by Steve Pick
Miles Davis puts the exclamation point right at the beginning. His muted trumpet doesn't stop him from punching that first note right into our gut, and then he bobs and weaves with our expectations for three minutes and twenty seconds. Miles plays off the melody, but never plays it as written. He knows we know the head of this tune, so he can call our attention to aspects we might not have noticed, the way "Summertime" can be a song of personal declaration, of statement that one is to be acknowledged, accepted, admired.
Miles had worked with Gil Evans before, but the two albums he did in the late 50s - "Porgy and Bess" and "Sketches of Spain" - are the acknowledged classics. I've always preferred the latter, but I think I wasn't giving the Gershwin record enough credit. Perhaps I was drawn to the exotic rhythms of "Sketches of Spain" so much that I didn't even notice the delicious methods Evans applies in his orchestrations of "Porgy."
Take "Summertime," for example (as of course, that's the point of this whole project, isn't it?). The intricate chord changes Gershwin wrote are slimmed down to a bouncy little riff which flows across two different chords every time. It's played by different horns throughout the piece, and occasionally saxophones or tubas will play a deft counterpoint drawn from the "Mommy and Daddy are standing by" section of the tune.
All this allows Miles to jab comments on the melody, and even to create his own counterpoint to the tune that's not even being played. You can't lose your place in this familiar piece, so it's easy even for jazz neophytes to hear what Miles is doing. He's taking credit for the good times of summer, acknowledging his own role in the creation of the baby being lulled to sleep, and of course, he's bragging about his riches and the beauty of his woman. All this without singing a word, just swinging that delicious trumpet tone across the bed of beauty laid down by Evans.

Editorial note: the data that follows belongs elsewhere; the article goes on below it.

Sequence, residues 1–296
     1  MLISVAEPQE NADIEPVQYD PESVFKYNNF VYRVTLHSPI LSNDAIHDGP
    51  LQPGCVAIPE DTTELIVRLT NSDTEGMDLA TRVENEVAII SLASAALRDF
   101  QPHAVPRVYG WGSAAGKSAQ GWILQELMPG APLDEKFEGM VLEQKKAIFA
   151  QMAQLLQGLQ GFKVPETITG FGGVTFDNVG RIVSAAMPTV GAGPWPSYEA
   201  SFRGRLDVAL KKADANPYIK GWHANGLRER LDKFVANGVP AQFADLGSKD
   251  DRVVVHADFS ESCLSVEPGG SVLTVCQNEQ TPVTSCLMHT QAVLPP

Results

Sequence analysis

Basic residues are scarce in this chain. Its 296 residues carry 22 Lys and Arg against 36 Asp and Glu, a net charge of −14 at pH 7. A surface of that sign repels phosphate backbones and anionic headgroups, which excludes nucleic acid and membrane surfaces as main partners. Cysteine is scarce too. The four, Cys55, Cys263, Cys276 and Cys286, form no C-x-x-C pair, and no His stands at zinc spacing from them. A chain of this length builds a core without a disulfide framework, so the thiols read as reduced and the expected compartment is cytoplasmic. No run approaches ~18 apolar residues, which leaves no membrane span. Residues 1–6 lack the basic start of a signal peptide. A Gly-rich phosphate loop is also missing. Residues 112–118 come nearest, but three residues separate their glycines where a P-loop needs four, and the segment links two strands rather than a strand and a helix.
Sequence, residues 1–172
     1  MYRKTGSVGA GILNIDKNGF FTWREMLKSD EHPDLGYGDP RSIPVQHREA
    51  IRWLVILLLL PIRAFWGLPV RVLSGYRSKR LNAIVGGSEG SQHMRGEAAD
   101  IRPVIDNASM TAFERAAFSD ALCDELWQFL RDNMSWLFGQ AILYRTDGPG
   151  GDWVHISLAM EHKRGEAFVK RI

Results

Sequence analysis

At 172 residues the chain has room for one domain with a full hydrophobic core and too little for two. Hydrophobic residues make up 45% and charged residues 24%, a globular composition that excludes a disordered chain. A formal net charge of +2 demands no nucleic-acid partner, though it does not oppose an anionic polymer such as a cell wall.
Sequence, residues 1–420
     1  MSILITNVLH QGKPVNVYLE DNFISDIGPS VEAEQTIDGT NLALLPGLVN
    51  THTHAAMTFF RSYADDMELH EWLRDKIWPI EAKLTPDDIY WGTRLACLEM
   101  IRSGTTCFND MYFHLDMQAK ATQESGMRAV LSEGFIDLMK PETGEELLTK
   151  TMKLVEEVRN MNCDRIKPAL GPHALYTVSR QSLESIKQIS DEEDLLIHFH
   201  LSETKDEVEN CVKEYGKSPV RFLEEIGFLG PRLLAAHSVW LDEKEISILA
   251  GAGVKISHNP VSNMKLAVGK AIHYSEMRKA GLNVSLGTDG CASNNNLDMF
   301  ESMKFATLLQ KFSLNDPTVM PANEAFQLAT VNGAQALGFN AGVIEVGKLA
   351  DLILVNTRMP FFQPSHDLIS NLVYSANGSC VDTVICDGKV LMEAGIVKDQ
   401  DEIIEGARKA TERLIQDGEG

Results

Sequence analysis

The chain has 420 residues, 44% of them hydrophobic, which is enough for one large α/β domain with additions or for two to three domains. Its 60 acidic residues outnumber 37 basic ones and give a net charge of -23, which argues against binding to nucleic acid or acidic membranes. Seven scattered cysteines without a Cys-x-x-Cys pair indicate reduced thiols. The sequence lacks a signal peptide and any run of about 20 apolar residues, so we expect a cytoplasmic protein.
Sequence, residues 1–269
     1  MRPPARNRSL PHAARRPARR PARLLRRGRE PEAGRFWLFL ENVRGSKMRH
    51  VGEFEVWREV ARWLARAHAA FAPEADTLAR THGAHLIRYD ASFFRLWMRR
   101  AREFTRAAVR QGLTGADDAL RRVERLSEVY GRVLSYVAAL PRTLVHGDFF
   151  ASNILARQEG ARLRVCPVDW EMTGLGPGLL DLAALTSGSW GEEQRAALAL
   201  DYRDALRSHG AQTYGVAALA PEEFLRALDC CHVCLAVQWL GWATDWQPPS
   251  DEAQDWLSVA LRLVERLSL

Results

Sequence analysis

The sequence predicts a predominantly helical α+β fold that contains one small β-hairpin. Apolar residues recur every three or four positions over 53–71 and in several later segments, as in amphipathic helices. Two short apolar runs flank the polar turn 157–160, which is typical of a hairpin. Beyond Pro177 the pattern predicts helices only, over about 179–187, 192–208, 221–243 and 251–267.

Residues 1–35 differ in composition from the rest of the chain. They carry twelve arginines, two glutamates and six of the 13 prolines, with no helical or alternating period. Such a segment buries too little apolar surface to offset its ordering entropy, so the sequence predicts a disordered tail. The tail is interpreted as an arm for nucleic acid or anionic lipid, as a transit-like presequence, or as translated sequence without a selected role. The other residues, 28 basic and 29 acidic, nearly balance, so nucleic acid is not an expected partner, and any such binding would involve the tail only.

If you want words, you can go to Lambert, Hendricks & Ross, who transpose the Miles solo and Evans arrangement into three parts for vocals. Now, these guys tend to bug me more than they please me - there's just a smugness about the whole vocalese thing, where jazz solos are given lyrics, all too rarely resulting in anything half as interesting as the original. But, I'll grant that this brief excursion has it's own pleasures, even if they are purely sonic rather than thematic. In other words, by bringing the words back to the forefront (and either slightly changing syntax or inserting phrases like "Yes indeed" to cover up the places where Miles changed the rhythm), all the audacity of intent is removed. Instead, we've got a hard-swinging display of skill, and there ain't nothing wrong with that.
Monday, July 7, 2008
by Steve Pick